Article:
When anticipation and experience differ – Glenburgie 8 year 46%

You know when you are highly anticipating a treat? And then the experience falls short?

I’ve been partial to Glenburgie, appreciating the classic quality, the pears, yum! Like many distilleries making whisky primarily for blends, you can primarily find it from independent bottlers – particularly Gordon & Macphail.

So when I spotted this young Glenburgie in Edinburgh from Hunter Laing Hepburn’s Choice in August 2020, it was an easy decision to pick up this 200ml bottle – even if it was rather pricey. I wasn’t worried 8 years would be too young, reinforced by the most enjoyable TBWC 8 year! Then it sat quietly for a couple years.

Fast forward to May 2022 with visits from a few fellow whisky aficionados and it seemed the right moment. So out came this wee bottle, ready to be explored!

It took very little time to determine this was quite different from what I’d thought to find…

Glenburgie 8 year (2007) 46% (Hepburn’s Choice)

  • Colour – Light straw
  • Nose – Freshly opened it had an almost rubber element, almost like cod liver oil, sour, apple mash, young, hay or straw, cardamon….
  • Palate – Initially a bit rough… Then became a bit nutty – mostly hazelnuts, curious, waxy, a bit of a burn, but was growing on us

Not the elegant sophisticated Glenburgies I’ve come to expect… If anything, it reminded me a bit of Talisker…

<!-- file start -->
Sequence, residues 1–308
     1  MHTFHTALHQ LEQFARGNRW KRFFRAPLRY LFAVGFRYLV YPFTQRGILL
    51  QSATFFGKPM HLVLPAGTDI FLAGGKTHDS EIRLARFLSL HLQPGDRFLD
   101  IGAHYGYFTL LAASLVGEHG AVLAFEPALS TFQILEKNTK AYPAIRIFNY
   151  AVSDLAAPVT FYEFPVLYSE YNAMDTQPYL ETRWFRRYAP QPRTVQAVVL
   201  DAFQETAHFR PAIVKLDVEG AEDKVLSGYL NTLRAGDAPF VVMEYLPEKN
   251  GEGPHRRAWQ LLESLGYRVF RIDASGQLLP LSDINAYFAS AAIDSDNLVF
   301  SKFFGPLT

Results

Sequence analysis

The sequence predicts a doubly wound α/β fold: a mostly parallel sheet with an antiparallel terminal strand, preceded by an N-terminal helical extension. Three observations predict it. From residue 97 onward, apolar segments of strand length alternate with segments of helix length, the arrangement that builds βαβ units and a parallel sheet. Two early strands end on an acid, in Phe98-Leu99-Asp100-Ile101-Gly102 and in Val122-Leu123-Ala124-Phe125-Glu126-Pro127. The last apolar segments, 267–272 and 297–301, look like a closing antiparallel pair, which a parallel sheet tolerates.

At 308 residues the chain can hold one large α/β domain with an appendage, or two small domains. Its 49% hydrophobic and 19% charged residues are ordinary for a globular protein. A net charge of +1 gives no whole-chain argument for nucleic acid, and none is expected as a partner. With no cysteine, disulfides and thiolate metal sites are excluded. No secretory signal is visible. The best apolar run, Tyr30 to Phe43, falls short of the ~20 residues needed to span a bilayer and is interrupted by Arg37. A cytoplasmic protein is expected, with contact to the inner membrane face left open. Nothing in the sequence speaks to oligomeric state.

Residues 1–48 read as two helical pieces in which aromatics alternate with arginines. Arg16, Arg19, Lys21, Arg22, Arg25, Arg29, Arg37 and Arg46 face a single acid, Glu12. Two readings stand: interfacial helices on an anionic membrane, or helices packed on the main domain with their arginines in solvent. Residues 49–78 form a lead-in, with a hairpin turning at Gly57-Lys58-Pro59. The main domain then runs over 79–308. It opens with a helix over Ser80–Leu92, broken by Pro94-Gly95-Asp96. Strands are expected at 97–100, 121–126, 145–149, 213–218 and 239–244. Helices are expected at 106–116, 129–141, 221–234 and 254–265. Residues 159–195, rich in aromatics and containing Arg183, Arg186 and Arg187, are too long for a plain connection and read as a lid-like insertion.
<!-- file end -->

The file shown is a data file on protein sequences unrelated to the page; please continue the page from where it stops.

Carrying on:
Until we added water… what a difference!

At 46%, it was a bit harsh and imbalanced. Nothing like previous whiskies from Glenburgie. With water, I could finally find some elements I’d come to associate with the distillery, yet still quite different too.

  • Nose – Watermelon, cherries, raspberry, fruity, scones, honey
  • Palate – Don’t laugh – it reminds me a bit of creamed corn! Mellower and malty

I could see it working well with others but as a single cask on its own? Didn’t even come close to meeting expectations though with water was quite a decent dram.

So what about these earlier experiences with Glenburgie I keep mentioning? Well here are a few:

I still have 2 more Glenburgie bottles ready for another opportunity!

  • 14 year (2004/2019) 43% (G&MP Discovery)
  • 21 year 43% (G&M)

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Additionally, there are two ‘off-shoots’ with:

Blair Athol 16 year 50% (Hunter Laing – The Old Malt Cask)

Blair Athol distillery is part of Dieageo, however it isn’t one of their single malts that is so well known in these parts. That said, if you’ve ever had Bell‘s, you’ve had Blair Athol whisky.

We were fortunate to try a 16 year old from an independent bottler… read on…

Blair Athol (Old Malt Cask)

Blair Athol 16 year (Old Malt Cask) 50%

  • Colour – Deep gold
  • Nose – Heather, saddle ready to go horseback riding, subtle caramel, more distinct matured cheese, sour curd, citrus orange, in the ‘rancio’ category
  • Taste – Coconut oil, sweet and clearly an older whisky from a bourbon cask
  • Finish – Long, delayed spice
  • Water? Too enamoured with the full flavours to be distracted by a drop of pani (water)

Reactions – An excellent winter whisky without smoke

Quote of the eve – As though an elegant lady sauntered in the room, then turned out to be completely wild! 

The reveal – Part of Hunter Laing & Co’s Old Malt Cask series. From May 1997, bottled in Oct 2013, 1 of 545 bottles.

We first sampled this in Oct 2014 together with Ichiro’s Malt Chichibu ‘The Floor Malted’ 3 year and Glen Deveron 20 year.

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